Aller au contenu principal

Ryan Hurley


Le 22 janvier 2020

Saint-Martin-d'Hères - Domaine universitaire

XRT and 3DXRD, when combined, provide rich information on stresses, forces, and contact micromechanics in deforming granular materials.

Experimental Micromechanics of Geologic Materials with X-ray Diffraction and Tomography

Granular media and concrete are the ubiquitous natural and construction materials. X-ray tomography (XRT) has been used throughout the past three decades to qualitatively and quantitatively study the kinematics of deformation in these materials from meso- to microscales. However, quantifying the microscopic mechanisms of stress transmission and energy dissipation in these materials has traditionally been limited to 2D model materials or 3D numerical simulations. Such information can provide insight into the validity of microscopic contact laws, the statistics of forces and energy dissipation, and the pre- and post-failure load sharing within the materials’ microstructures.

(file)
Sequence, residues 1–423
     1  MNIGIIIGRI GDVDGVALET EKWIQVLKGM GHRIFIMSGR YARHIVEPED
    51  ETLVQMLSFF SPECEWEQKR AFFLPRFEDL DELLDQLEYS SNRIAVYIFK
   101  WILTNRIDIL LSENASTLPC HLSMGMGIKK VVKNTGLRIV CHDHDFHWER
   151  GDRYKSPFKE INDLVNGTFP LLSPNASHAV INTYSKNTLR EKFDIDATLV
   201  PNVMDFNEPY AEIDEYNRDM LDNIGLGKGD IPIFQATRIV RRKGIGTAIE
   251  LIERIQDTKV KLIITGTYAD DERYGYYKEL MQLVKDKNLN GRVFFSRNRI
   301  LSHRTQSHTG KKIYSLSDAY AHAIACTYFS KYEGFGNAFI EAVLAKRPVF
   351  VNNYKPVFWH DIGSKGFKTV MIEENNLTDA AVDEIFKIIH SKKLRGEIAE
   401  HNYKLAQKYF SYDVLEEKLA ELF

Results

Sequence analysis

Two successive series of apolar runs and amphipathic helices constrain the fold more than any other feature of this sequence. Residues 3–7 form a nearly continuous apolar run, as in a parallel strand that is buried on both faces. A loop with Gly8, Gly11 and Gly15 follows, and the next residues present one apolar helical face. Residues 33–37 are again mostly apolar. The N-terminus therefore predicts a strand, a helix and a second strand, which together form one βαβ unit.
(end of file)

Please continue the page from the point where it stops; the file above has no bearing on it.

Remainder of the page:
In this talk, I will discuss experiments employing in-situ XRT and 3D X-ray diffraction (3DXRD) measurements during the deformation of 3D granular materials and cement. Using 3DXRD, each particle in the granular materials and cements acts as a stress gauge, providing both the local elastic stress tensors and the orientations of material points within the microstructure. I will highlight experiments with granular materials in which we quantitatively measured inter-particle forces, constitutive law parameters, per-particle fracture stresses, and energy dissipation mechanisms at each inter-particle contact. I will highlight an experiment on micro-concrete in which we quantified the stress distribution throughout the microstructure before and after fracture. I will discuss ongoing and future research directions in geomaterials with combined XRT and 3DXRD.


Le 22 janvier 2020
Complément date


Saint-Martin-d'Hères - Domaine universitaire

Complément lieu
Galilée 011



Publié le 17 janvier 2020

Mis à jour le 22 avril 2021